How the TRC failed women in South Africa: A failure that has proved fertile ground for the gender violence women in South Africa face today

Over the past four years, Khulumani Support Group has worked with sociologist and graphic artist, Ms Judy Seidman, to offer workshops to women who suffered gender violence during the liberation struggle. Ms Seidman had been a member of the Medu Art Ensemble in Botswana and had been involved in organising the Culture and Resistance Conference in 1982 under the banner, "Culture is a weapon of struggle". This conference formed the entry to using cultural production as an expression of community perceptions and needs and as a foundation for mobilization. (Tsogang Basadi: Finding Women's Voice from South Africa's Political Conflict).

The workshops give space to women to revisit their own and their communities' trauma and to raise questions about "how at the end of so much digging for the truth in the TRC, so many people found themselves still bleeding from open wounds". Workshop participants contrasted their experiences in these workshops with what they called the "failed TRC".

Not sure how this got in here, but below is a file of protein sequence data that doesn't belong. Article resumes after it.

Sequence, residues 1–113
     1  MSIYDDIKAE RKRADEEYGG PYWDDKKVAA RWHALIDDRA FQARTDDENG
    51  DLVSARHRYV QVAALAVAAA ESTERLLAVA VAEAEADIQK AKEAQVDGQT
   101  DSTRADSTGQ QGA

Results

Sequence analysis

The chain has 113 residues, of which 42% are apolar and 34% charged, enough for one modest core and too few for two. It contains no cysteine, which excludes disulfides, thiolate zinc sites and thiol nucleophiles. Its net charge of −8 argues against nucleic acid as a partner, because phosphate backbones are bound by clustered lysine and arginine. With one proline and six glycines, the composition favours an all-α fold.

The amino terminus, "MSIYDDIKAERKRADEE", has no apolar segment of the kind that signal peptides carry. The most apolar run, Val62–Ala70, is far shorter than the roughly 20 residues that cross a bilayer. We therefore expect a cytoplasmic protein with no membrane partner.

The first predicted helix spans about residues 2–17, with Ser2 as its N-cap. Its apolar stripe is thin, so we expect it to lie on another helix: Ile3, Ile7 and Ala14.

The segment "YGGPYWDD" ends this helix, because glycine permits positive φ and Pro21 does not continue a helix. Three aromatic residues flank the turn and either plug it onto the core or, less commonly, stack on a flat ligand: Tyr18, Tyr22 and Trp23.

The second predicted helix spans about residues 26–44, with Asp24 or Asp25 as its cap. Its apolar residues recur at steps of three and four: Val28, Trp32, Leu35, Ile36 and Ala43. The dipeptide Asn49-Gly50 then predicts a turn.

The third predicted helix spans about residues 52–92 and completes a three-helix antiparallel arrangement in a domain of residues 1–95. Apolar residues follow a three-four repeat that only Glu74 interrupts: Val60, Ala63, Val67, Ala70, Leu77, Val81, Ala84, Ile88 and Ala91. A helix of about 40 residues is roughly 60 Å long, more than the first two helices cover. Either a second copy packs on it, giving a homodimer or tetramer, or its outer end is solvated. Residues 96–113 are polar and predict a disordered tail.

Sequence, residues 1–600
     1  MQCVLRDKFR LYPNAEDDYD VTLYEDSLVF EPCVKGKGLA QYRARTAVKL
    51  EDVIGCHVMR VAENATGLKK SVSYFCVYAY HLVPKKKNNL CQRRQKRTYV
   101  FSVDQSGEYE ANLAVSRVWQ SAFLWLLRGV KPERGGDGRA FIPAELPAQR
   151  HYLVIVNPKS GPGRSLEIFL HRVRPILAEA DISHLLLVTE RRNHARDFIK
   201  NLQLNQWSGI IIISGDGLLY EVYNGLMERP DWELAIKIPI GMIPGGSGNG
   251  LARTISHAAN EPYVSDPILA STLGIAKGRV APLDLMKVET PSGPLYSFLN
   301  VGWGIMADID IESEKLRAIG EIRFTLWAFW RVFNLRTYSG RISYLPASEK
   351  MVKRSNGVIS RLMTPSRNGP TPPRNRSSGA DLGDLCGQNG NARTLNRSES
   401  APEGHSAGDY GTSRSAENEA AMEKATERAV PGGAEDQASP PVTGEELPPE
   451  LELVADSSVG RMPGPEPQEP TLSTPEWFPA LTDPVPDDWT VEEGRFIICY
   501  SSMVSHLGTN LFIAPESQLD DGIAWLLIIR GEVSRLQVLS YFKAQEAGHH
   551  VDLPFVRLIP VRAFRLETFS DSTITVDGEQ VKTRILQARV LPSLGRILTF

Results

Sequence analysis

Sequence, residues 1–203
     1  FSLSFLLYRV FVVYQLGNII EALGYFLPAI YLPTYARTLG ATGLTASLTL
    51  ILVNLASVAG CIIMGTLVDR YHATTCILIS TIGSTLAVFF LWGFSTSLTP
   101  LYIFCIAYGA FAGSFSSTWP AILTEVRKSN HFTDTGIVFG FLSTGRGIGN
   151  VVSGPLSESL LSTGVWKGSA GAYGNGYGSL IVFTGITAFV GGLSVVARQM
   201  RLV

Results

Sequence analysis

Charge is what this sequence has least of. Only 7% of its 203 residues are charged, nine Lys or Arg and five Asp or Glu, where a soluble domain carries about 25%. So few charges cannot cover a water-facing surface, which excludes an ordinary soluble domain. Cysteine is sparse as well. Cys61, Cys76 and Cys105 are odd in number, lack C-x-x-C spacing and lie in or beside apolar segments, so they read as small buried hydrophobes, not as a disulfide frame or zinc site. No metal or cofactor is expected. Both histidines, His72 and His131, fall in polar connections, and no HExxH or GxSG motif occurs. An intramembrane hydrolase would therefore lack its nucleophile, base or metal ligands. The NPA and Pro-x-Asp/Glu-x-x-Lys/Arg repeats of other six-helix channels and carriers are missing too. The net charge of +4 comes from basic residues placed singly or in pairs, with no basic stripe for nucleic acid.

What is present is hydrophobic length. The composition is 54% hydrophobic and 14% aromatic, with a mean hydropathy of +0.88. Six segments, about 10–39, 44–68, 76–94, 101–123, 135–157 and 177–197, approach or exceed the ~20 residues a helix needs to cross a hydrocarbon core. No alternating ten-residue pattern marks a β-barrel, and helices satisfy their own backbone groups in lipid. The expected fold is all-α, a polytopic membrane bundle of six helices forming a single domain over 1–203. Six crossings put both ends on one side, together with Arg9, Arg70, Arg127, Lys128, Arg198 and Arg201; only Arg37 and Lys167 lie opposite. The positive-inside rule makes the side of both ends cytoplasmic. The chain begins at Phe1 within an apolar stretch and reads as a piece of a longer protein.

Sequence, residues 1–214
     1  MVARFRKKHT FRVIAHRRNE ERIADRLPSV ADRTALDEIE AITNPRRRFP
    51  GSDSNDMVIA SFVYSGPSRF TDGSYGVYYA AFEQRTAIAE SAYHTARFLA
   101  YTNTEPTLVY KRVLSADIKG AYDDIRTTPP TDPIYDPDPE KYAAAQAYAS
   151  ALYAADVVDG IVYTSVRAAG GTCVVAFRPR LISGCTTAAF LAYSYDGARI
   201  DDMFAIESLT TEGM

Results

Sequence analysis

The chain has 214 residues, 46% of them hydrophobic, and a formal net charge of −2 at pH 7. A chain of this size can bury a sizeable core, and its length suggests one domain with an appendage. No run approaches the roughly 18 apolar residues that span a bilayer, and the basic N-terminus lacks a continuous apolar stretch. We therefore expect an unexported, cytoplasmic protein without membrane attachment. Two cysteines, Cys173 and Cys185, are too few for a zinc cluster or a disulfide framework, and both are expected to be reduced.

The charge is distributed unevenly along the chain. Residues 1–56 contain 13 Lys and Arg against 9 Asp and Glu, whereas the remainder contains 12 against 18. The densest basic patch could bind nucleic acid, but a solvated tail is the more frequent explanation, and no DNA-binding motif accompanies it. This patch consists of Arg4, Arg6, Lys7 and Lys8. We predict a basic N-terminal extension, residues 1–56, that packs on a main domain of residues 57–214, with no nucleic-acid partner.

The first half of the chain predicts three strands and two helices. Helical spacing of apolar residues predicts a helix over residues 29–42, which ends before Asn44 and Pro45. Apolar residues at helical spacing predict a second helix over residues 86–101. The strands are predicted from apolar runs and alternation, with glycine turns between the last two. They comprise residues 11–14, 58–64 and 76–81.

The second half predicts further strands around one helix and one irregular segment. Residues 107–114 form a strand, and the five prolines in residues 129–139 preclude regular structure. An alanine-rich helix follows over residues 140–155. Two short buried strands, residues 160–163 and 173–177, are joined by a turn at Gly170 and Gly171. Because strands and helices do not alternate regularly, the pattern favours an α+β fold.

Every woman who has participated in these Art and Memory workshops had entrenched personal memories of the ongoing violations in the name of apartheid and connected these gendered apartheid violations with the grim consequences affecting women survivors in the post-apartheid era. They explain that black women in South Africa as a group remain mired down in poverty, without resources, without economic security, with no way out.

What were these TRC failures and how did they impact on women:

  1. The TRC did not have a category for gender violence against women. It was simply subsumed under the heading of "serious ill-treatment". When women were interviewed by TRC statement-takers against their list of prepared questions used by the statement-takers, no questions about rape and gender-based violence were asked and if a woman spoke about being raped or experiencing gender-based violence, the statement-taker usually did not record it.